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Selfishness Lasts A Lifetime

Researchers studying wild banded mongooses in Uganda have discovered that these small mammals have...

Residential Tourism Increases Earthquake Risk, Says Sociologist

Antonio Aledo, Professor of Sociology at the University of Alicante, warns that "because of real...

Why The Y Chromosome In Polar Bears Matters

Scientists have reconstructed part of the male chromosome in polar bears. They were able to assign...

Henry V's Agincourt Naval Fleet Smaller Than Previously Believed

The Battle of Agincourt, a major English victory in the Hundred Years' War, will have its 600th...

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Who says politics and science can't mix?   Well, we say they shouldn't mix but we're rare in science media.  Yet sometimes political events can make for great science studies too.

Case in point, the value neuroscientists at the University of Washington got when former President George W. Bush and Iraq's Prime Minister Nouri al-Maliki had shoes thrown at them by a crazy Iraqi 'reporter' during a Baghdad news conference. 

When Bush ducked and Maliki didn't flinch as the first shoe sailed toward them, it was a real-world example supporting the theory that there are two independent pathways in the human visual system. 
Can you tell when your dog has done something wrong by his appearance?   Not really, says Alexandra Horowitz, Assistant Professor from Barnard College in New York, in Behavioural Processes.   It's mostly what you want to see.

Horowitz was able to show that the human tendency to attribute a "guilty look" to a dog was not due to whether the dog was indeed guilty. Instead, people see 'guilt' in a dog's body language when they believe the dog has done something it shouldn't have – even if the dog is in fact completely innocent of any offense.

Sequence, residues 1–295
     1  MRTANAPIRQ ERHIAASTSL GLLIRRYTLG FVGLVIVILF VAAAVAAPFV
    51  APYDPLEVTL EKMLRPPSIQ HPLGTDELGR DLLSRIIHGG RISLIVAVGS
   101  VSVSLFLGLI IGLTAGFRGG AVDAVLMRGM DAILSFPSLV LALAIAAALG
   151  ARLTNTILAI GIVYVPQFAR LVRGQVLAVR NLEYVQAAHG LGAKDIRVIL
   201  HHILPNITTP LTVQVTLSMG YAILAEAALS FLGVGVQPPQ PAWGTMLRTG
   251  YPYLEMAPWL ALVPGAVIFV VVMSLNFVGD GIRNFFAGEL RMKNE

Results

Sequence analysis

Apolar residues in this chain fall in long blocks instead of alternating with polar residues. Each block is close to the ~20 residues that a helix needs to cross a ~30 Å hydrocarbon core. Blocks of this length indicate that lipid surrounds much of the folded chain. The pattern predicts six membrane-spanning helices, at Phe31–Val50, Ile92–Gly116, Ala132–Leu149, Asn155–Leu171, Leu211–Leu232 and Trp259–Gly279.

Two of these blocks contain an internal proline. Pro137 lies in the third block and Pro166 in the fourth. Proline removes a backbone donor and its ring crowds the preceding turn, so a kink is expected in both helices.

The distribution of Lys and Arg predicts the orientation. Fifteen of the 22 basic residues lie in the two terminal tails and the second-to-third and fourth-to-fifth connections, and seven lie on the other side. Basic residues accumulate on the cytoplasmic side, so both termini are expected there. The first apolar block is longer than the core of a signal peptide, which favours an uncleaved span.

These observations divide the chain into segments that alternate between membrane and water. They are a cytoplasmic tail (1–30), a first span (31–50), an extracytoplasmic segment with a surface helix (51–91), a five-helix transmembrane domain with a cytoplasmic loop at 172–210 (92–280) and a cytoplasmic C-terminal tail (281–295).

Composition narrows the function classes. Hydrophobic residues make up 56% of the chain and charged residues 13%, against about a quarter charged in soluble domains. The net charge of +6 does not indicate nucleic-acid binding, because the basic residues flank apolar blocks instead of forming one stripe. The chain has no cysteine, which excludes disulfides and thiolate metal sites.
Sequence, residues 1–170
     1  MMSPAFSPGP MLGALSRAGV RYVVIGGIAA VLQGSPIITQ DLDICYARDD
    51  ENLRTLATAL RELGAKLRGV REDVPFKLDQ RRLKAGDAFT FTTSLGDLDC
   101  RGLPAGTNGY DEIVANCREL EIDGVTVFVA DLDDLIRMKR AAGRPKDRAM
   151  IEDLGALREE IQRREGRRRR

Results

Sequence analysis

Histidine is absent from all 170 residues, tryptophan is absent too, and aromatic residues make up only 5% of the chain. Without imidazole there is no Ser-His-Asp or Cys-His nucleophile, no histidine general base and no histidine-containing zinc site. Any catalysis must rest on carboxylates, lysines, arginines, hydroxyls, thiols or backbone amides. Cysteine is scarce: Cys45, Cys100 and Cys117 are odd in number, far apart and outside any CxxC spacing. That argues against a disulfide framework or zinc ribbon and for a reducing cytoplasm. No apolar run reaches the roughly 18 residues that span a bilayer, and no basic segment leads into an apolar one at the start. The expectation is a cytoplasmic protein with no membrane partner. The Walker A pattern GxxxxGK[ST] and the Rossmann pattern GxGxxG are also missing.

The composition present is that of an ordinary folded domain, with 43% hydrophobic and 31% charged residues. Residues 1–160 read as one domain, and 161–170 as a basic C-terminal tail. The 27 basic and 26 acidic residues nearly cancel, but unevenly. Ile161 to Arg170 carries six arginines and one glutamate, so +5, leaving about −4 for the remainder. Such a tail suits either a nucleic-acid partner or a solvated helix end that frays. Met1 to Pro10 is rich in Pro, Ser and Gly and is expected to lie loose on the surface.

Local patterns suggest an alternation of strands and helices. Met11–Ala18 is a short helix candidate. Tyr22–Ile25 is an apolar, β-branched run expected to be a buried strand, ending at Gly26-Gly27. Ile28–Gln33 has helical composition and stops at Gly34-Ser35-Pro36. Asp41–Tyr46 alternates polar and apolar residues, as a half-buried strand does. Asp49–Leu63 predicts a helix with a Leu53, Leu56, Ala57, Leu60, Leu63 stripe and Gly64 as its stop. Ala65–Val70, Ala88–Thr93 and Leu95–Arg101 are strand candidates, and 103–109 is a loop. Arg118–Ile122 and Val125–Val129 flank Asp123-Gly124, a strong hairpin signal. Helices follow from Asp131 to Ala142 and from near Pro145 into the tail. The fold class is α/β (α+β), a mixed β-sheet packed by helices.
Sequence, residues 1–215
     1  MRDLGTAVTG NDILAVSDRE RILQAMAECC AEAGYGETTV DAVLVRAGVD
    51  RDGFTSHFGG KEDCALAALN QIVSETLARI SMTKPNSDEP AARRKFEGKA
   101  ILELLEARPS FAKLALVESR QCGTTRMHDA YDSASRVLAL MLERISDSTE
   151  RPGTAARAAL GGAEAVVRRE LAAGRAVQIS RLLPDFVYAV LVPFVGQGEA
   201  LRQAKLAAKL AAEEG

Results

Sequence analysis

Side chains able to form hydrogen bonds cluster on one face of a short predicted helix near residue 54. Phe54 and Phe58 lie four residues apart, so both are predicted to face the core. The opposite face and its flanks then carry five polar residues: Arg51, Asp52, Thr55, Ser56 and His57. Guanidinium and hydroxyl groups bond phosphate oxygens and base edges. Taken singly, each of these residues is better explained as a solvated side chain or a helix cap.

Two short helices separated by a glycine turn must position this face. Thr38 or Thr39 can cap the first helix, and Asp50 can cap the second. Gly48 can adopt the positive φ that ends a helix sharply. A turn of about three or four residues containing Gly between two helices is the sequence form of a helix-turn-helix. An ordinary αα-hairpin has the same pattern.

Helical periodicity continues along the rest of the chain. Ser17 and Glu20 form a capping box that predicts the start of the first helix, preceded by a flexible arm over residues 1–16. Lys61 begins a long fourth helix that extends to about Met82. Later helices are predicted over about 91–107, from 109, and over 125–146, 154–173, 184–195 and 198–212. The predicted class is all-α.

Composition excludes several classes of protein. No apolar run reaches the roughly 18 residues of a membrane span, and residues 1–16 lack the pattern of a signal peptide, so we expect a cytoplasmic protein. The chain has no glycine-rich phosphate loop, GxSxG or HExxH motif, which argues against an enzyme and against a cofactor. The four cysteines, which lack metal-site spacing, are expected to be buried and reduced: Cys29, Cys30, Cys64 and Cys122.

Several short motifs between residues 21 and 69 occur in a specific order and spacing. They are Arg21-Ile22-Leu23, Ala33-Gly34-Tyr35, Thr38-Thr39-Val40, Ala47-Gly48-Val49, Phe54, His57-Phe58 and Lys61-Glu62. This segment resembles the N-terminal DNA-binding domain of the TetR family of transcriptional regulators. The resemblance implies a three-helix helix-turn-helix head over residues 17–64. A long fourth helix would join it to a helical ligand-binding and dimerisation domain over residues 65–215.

A study of patients and members of the public has shown that most lack even basic knowledge of human anatomy. The research, featured in the journal BMC Family Practice, found that people were generally incapable of identifying the location of major organs, even if they were currently receiving relevant treatment.
The search for planets capable of sustainable life (as we know it) is on, but with an infinite number of planets astronomers are focusing their attention on each system's 'habitable zone', where heat radiated from the star is just right to keep a planet's water in liquid form. They have found planets orbiting red dwarf stars because those make up about three-quarters of the stars close to our solar system. Potentially habitable planets must orbit closer to those stars, perhaps one-fiftieth the distance of Earth to the sun, since they are smaller and generate less heat than our sun.
Matthew C. Nisbet, assistant professor in the School of Communication writing in Nature Biotechnology, says there are changes that must be made to ensure quality science communication in the future. Some of his recommendations, based on the results of a science communication workshop in Washington, D.C., are: 1. Scientists should pursue a trust- and dialogue-based relationship with the public. The goal is not to 'sell the public' but to democratize public input about scientific issues so that members of the public can meaningfully participate in science-related decision making, which is not framing, but then ...
A group of researchers say they have clarified the role that retinoic acid plays in limb development. Their study in Current Biology says that retinoic acid controls the development (or budding) of forelimbs, but not hindlimbs, and that retinoic acid is not responsible for patterning (or differentiation of the parts) of limbs. This research corrects longstanding misconceptions about limb development and provides new insights into congenital limb defects.